The Olsztyn castle, rising proudly on the tall hill among limestone rocks, is situated in the northern part of the Eagles’ Nests Trail, around 10 kilometers from Czestochowa. It is important not to confuse it with another Olsztyn (where also medieval castle is situated) in north-east Poland.
The name Olsztyn has its roots in German word Holstein, which means “hollowed in the rock”. Local legend says that there were Germans between the castle’s builders which gave it this name…
The medieval fortress of Olsztyn belonged to a system of fortifications, built by Polish King Casimir the Great in the XIV century, to protect the Lesser Poland with Cracow from Czechs. Although it is believed, like by most of Eagles Nests, that first wooden castle was erected here already during the reign time of Casimir’s father – Wladyslaw Lokietek. Or maybe even earlier…. In 1396, the castle was then handed by King Wladyslaw II Jagiello to a local nobleman, Jan Odrowaz of Szczekociny. The castle was invaded several times by Silesian princes in the 15th-century, by the prince Maximilian of Habsburgs in the 1587 and in 1655 it was captured by the Swedes during the deluge. During the XVII century with the advancement of warfare castle’s fortifications became obsolete and since then it became a ruin. In 1722, it was partly demolished, with bricks used to build a parish church at Olsztyn.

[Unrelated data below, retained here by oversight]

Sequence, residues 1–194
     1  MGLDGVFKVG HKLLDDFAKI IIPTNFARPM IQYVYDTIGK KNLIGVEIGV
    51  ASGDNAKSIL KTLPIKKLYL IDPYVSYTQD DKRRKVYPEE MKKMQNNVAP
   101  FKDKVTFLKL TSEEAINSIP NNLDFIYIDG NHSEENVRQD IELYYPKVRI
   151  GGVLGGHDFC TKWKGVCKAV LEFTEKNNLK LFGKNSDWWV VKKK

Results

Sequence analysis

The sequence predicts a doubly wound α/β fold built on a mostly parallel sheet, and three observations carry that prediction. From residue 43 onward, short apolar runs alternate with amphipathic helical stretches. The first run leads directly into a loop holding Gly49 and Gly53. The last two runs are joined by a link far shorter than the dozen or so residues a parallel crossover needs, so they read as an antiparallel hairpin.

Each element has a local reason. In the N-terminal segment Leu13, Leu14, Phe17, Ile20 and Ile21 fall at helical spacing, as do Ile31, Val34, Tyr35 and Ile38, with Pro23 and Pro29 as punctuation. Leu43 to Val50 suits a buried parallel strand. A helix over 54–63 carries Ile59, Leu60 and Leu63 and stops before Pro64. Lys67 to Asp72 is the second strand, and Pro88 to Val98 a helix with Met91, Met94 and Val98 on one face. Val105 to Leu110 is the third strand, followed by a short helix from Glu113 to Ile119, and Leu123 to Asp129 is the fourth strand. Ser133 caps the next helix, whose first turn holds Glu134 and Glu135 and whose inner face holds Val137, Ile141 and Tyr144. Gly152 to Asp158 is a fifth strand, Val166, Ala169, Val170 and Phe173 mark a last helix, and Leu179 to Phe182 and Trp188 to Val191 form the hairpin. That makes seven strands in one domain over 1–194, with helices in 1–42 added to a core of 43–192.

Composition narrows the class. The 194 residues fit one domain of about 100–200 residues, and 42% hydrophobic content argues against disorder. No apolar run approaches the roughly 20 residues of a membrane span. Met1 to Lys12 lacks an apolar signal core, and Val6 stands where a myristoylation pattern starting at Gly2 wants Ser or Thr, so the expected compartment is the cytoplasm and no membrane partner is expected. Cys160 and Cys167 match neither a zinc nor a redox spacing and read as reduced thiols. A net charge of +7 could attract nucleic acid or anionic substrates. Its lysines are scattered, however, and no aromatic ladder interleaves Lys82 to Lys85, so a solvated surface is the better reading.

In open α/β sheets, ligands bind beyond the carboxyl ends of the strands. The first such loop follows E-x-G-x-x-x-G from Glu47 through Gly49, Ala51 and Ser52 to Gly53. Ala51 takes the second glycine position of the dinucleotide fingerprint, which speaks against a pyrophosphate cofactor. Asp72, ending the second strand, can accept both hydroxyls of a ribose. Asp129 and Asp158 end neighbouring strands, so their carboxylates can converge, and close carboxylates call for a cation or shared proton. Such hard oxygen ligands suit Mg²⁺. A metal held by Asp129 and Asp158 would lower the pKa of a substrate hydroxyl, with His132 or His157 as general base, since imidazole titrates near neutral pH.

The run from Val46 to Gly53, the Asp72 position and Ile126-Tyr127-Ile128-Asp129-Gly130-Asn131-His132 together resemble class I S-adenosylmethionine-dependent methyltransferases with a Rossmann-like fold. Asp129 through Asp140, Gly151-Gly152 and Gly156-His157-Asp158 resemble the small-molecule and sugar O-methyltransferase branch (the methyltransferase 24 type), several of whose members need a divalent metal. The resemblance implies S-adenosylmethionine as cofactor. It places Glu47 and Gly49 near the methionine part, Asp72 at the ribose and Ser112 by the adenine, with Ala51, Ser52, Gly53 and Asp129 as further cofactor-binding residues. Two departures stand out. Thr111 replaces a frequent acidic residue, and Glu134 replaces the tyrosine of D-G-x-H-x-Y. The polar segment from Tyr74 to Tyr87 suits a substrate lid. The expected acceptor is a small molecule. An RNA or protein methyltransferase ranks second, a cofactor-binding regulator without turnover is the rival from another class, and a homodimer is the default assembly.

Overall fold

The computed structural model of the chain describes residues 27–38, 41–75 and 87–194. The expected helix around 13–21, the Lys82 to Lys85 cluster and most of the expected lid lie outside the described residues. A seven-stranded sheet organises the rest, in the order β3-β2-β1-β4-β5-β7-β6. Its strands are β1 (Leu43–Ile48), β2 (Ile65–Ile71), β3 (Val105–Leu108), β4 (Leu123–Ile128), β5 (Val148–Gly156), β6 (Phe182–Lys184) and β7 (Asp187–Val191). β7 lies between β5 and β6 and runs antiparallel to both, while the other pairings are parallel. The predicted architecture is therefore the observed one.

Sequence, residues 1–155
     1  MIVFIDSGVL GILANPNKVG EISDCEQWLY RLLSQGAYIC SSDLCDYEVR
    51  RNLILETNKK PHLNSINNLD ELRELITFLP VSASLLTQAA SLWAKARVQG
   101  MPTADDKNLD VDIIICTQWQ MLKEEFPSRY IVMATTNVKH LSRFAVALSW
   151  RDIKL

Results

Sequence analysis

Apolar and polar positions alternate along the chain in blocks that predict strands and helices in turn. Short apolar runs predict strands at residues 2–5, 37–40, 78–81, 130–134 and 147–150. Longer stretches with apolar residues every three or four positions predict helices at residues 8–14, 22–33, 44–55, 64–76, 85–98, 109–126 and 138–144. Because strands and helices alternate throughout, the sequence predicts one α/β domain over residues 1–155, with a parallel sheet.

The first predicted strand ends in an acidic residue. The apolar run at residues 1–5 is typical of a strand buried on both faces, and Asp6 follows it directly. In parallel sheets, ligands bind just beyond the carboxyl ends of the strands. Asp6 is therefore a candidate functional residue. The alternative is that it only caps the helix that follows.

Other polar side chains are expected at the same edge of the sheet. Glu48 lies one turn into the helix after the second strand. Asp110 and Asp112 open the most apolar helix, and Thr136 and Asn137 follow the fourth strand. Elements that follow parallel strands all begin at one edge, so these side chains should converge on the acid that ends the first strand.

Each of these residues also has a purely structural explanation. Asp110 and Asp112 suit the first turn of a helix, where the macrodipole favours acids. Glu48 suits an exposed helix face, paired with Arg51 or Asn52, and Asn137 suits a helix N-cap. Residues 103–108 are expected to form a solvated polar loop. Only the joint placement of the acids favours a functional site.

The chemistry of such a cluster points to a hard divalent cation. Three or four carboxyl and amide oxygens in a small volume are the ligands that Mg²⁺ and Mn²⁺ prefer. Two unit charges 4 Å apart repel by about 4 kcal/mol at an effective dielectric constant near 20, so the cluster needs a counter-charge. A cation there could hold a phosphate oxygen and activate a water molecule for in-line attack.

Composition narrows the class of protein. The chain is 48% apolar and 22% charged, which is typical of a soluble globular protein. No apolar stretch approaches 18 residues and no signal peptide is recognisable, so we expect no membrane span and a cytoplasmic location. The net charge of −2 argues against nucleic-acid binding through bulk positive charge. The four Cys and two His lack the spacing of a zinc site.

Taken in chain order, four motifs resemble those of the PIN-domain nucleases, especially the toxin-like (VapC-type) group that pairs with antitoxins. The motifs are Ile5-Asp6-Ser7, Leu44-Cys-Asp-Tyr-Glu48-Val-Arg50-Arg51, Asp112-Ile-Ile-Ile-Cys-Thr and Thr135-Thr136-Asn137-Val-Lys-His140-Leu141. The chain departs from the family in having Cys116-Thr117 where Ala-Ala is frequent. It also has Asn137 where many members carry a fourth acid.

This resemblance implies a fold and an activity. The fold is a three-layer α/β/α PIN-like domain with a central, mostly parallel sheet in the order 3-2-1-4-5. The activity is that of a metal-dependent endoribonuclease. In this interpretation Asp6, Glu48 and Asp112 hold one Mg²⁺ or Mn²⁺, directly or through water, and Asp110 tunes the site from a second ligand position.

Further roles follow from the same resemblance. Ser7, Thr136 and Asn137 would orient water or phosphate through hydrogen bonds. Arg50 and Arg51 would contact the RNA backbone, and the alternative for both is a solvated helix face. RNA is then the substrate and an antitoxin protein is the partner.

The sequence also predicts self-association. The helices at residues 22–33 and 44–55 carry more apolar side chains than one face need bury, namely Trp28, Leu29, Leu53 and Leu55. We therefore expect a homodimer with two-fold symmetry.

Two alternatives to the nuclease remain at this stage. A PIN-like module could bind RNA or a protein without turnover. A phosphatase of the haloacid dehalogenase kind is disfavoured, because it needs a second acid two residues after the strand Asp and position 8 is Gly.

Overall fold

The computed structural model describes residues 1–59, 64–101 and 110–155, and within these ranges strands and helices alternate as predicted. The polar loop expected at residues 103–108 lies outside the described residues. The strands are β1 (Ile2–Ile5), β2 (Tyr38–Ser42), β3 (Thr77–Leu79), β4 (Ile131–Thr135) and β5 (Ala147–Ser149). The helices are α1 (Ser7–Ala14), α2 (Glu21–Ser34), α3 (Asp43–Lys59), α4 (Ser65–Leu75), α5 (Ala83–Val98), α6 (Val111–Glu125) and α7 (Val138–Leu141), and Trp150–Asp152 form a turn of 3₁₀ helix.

Currently, only fragments of defensive walls remain. The most impressive still standing part of the castle is a 35-metre round tower, built in the 13th-century, which served as a prison.
Olsztyn castle is famous for its legends and ghosts… If you wish to read a bit more about them, please continue here….